Strep Throat

Strep throat is a type throat infection that causes a sore throat. Although the term is commonly used, very few sore throats are strep throat.

  • Causes

    Strep throat is caused by a specific bacteria.
    The bacteria enter through inhaled air droplets and grow in the throat causing the infection and symptoms.

    The strep bacteria is spread by airborne droplets, most often from coughs or sneezes of infected people or touching a contaminated surface then touching your eyes, nose, or mouth.

  • Definition

    Strep throat is a type throat infection that causes a sore throat. Although the term is commonly used, very few sore throats are strep throat.

    Sore Throat Due to Inflammation
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  • Diagnosis

    Your doctor will ask about your symptoms and medical history. A physical exam will be done. Tests to confirm strep throat may be used and include:

    • Rapid antigen strep screen—Antigens are a part of the body's immune response to specific infection. This test can identify antigens within a few minutes of the test. However, a negative test does not mean you do not have strep throat, the body may not have had enough time to make antigens yet.
    • Throat culture—A sample of throat fluid is taken to a lab to see if strep bacteria grows. It takes a few days to gets results.
    • Rapid DNA test—DNA technology is used to detect strep throat. This test is as accurate as throat culture. The results are usually available in one day.

    Only a rapid DNA test or throat culture can confidently distinguish strep throat from throat infections caused by other things. Doctors will often make a diagnosis and decide about treatment based on symptoms, physical findings, and test results.

  • Prevention

    To reduce your chances of getting strep throat:

    • Wash your hands carefully.
    • Don't share beverages or food.
    • Avoid exposure to other people who may have a strep infection.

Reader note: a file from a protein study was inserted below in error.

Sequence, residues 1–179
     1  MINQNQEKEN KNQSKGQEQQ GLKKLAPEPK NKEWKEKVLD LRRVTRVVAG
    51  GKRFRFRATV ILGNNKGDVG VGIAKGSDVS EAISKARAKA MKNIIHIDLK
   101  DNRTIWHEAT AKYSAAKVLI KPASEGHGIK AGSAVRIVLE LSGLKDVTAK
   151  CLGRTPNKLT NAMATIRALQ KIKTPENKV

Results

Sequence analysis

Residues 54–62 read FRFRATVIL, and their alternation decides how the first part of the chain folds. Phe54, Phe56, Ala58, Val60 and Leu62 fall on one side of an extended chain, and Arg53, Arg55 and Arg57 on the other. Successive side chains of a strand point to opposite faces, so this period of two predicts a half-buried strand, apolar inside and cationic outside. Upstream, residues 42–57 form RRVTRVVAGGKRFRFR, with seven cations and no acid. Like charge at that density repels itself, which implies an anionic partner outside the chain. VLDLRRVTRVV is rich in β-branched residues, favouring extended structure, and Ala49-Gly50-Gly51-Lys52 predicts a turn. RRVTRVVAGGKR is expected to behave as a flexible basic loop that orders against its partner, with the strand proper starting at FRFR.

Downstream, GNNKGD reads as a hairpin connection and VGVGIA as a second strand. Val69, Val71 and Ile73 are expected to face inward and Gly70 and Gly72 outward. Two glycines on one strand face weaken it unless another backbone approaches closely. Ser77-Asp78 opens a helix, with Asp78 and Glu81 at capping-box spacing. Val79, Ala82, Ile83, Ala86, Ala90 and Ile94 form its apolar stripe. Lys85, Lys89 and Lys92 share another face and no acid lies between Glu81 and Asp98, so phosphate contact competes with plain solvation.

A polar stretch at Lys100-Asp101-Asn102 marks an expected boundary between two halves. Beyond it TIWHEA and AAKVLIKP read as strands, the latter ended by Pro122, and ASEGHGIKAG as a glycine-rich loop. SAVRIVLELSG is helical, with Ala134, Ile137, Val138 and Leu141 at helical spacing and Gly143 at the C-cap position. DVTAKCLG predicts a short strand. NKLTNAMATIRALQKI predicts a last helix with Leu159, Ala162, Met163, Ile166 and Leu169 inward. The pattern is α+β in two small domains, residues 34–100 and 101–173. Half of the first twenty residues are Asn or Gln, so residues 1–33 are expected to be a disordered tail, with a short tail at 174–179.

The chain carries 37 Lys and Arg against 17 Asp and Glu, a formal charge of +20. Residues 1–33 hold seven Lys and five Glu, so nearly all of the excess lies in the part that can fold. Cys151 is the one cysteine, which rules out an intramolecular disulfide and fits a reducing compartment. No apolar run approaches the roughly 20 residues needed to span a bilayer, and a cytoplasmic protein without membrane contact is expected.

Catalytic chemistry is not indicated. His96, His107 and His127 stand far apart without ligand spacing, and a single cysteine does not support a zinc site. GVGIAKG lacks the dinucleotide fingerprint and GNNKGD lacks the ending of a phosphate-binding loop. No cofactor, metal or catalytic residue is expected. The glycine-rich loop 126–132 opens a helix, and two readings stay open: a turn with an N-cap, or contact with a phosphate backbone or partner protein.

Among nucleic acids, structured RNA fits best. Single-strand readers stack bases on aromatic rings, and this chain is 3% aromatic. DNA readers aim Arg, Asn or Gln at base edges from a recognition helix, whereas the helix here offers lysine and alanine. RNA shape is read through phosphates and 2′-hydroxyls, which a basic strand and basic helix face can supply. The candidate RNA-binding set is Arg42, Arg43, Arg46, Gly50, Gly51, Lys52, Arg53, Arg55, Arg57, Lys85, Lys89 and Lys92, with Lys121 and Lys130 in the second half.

• Replace your toothbrush after starting antibiotic treatment to prevent re-infecting yourself.

    If you have recurrent strep infections in your family, check to see if someone is a carrier. Strep carriers have the infection in their throat, but do not get sick. It is possible to treat the carrier to prevent the infection from making others sick.

  • Risk Factors

    Strep throat is more common in children and adolescents. Other factors that increase the risk of strep throat include:

    • Exposure to family member or friend who has strep throat
    • Crowded living situations
    • Having strep living in the throat—occurs in 15% to 30% of people

  • Symptoms

    Strep throat may cause:

    • Red,
      sore throat
      with white patches
    • Headache
    • Swollen, sore glands in the neck
    • Fever
    • Red spots on the roof of the mouth
    • Painful, difficult swallowing
    • Chills
    • Fatigue
    • Nausea and possibly vomiting
    • Decreased appetite
    • Rash
    • Muscle aches, especially in the neck, and abdominal pains, especially in younger children
    • Swelling in back of mouth

    Complications of untreated strep throat can be serious and include:

    • Middle ear infection or
      sinus infection
    • Peritonsillar abscess
    • Bacterial meningitis
    • Infective endocarditis
    • Sepsis
    • Rarely, rheumatic fever and pediatric autoimmune neuropsychiatric disorders (PANDAS) associated with streptococcal infection

    Post-streptococcal glomerulonephritis is also rare, but it can occur, even with treatment

  • Treatment

    Most sore throats, including strep throat, will get better on its own in 7-10 days. Although the sore throat disappears, the infection may remain. It is important to follow through with proper treatment to prevent serious complications.